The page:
Professors’ Rights to Organize at Catholic Schools

On Catholic Universities and Colleges and Labor Unions and Labor Organizations in
Higher Education

by

 

The Pennsylvania Division of the American Association of University Professors

The question of whether faculty can organize labor unions at Catholic colleges and universities has been hotly contested. Objections by different administrations have been based on the view that such unions might violate their institutions’ religious freedom rights or their rights as organizations to manage their professors when the professors are acting in the roles as administrators.
As the national professional body representing the rights and duties of all professors, the American Association of University Professors respects the long tradition regarding labor and its rights that the Catholic Church has developed since, at least, the days of Rerum Novarum. We, therefore, approach these issues with a full sense of the Catholic Church’s long history regarding workers’ rights.
We note that the 2009 document issued by the US Catholic Bishops on “Respecting the Just Rights of Workers: Guidance and Options for Catholic Health Care and Unions” proposes an agreement whereby: “management [in the context of the document the management of Catholic health care institutions] agrees not to use traditional anti-union tactics or outside firms that specialize in such tactics and unions agree to refrain from publicly attacking Catholic health care organizations.” We also note that the document states that there were many different points of view taken into consideration regarding Catholic Health Care Workers and Catholic Institutions over the period of a decade and, yet, the different sides nevertheless “affirmed two key values: (1) the central role of workers themselves in making choices about representation and (2) the principle of mutual agreement between employers and unions on the means and methods to assure that workers could make their choices freely and fairly.” The Pennsylvania AAUP asks Catholic Universities and Colleges in this state to uphold the two key tenets of organization among Catholic Health Care workers enunciated above–the right to make choices about representation and the principle of mutual agreement as to means and methods—and apply it to Educational professionals, in this instance, professors. We are asking that the administrations of the various schools recognize that professors at Catholic Universities and Catholic Colleges are both professionals and servants to no lesser degree than Catholic Health Care workers.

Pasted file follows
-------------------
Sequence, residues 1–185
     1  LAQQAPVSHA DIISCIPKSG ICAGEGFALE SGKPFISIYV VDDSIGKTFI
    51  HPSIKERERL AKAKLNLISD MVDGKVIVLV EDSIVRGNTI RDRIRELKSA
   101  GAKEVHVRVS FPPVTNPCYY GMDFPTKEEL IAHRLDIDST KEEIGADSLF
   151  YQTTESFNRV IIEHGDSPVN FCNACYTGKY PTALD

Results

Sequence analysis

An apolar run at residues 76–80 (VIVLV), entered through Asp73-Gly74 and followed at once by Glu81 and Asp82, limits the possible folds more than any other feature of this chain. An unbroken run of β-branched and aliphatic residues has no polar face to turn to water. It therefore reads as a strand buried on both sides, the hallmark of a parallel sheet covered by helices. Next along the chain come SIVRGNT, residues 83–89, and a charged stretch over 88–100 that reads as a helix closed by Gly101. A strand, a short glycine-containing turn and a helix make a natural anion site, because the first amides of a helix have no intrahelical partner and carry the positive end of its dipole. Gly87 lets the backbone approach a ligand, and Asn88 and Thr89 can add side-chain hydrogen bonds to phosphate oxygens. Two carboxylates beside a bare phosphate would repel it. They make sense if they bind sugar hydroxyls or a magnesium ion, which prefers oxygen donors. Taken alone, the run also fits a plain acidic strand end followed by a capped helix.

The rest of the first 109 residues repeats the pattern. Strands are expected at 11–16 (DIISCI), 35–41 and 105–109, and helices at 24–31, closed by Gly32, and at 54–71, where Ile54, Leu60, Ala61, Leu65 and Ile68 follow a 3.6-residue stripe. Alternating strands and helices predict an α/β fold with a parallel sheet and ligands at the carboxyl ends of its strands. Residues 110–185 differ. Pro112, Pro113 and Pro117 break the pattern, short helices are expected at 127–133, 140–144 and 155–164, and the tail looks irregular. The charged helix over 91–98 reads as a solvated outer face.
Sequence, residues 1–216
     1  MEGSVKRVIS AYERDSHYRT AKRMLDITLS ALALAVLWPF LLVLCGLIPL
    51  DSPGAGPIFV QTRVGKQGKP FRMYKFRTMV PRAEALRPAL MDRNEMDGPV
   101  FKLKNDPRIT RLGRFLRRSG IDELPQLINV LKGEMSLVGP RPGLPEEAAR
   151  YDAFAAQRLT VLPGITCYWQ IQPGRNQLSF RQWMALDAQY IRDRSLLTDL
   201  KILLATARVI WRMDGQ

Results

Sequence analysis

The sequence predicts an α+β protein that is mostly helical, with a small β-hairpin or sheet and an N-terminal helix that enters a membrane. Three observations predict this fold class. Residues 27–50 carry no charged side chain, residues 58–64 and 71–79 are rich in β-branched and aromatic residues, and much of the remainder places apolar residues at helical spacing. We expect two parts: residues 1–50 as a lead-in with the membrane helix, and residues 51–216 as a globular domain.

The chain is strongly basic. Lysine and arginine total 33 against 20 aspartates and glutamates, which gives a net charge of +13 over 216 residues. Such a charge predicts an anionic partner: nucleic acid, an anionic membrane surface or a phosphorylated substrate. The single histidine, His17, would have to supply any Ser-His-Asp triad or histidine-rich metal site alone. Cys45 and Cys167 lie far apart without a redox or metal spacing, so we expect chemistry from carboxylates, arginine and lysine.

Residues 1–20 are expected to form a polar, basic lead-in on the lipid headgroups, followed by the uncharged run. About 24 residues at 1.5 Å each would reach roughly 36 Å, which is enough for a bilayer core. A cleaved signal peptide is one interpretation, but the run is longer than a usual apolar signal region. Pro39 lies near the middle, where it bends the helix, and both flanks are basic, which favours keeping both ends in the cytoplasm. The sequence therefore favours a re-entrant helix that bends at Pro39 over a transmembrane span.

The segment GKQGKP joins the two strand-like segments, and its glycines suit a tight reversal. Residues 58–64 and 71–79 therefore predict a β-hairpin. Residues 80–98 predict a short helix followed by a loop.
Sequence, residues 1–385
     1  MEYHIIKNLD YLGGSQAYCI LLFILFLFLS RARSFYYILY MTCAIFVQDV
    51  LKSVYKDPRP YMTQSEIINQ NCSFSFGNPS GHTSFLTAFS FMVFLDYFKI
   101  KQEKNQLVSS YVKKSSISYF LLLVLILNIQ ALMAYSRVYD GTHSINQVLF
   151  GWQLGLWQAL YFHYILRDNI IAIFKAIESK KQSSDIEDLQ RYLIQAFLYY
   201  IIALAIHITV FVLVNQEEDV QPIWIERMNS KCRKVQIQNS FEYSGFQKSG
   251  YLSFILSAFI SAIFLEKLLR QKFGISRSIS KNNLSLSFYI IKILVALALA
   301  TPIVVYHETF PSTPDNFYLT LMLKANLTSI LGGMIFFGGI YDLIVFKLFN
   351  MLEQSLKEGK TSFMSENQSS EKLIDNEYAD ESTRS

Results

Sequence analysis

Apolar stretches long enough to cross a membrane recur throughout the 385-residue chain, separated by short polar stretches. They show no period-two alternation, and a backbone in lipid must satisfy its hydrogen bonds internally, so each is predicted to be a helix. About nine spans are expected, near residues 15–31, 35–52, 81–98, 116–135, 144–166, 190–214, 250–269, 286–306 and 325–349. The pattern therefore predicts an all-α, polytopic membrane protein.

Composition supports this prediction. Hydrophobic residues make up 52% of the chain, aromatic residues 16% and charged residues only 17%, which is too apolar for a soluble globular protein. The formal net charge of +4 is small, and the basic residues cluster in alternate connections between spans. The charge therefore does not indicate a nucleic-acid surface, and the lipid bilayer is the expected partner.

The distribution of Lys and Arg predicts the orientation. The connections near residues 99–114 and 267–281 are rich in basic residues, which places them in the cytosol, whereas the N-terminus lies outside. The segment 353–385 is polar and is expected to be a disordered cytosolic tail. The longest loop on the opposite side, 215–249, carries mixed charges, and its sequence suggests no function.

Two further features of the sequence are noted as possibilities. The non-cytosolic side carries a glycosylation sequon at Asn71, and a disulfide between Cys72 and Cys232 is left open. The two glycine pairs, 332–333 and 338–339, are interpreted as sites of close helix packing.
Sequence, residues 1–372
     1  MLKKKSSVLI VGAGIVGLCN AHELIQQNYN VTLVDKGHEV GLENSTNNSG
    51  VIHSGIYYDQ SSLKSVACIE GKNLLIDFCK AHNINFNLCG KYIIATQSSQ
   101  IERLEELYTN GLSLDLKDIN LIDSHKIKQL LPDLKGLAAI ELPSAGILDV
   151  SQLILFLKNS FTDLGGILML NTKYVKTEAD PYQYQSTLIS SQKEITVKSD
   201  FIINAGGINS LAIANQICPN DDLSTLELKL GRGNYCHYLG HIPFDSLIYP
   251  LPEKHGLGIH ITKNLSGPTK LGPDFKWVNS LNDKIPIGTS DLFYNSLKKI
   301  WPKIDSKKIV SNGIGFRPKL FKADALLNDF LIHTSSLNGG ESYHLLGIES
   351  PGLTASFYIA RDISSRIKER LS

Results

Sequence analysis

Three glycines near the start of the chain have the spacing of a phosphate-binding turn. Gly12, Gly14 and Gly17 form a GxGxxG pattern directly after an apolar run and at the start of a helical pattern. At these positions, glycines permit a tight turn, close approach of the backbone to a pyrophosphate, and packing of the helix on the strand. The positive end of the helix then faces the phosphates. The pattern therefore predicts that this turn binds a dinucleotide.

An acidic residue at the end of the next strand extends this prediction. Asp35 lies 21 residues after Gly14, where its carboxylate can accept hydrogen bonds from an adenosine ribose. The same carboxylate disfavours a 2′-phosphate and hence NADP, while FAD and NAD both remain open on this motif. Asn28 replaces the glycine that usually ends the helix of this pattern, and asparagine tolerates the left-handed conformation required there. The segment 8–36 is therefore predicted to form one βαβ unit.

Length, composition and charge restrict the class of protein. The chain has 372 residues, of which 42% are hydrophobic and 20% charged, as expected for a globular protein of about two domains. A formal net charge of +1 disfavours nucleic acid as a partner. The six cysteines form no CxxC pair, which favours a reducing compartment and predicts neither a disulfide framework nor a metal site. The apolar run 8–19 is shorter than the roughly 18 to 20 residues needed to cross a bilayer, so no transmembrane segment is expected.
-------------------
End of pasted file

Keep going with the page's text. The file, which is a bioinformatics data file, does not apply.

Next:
The U. S. Catholic Bishops stated in their Pastoral Letter of 1986 on Economic Justice for All that: “The Church fully supports the right of workers to form unions or other associations to secure their rights to fair wages and working conditions. This is a specific application of the more general right to associate.” (104) As John Paul II indicated in LABOREM EXERCENS, underlying the human right to organize is the fact that “each sort [of work] is judged above all by the the measure of the dignity of the subject of work, that is to say the person, the individual who carries it out” (LE 6). Unions, according to John Paul are: “indeed a mouthpiece for the struggle for social justice, for the just rights of working people in accordance with their individual professions. However, this struggle should be seen as a normal endeavor “for” the just good: in the present case, for the good which corresponds to the needs and merits of working people associated by profession; but it is not a struggle “against” others” (LE 20). The Compendium of the Social Doctrine of the Church notes also that: “Today, unions are called to act in new ways, widening the scope of their activity of solidarity so that protection is afforded not only to the traditional categories of workers, but also to workers with non-standard or limited-time contracts”. Thus these rights taught us by Catholic social doctrine would apply not only to tenure and tenure-track members but also to term faculty, adjunct faculty, and other contingent faculty (CSD 308).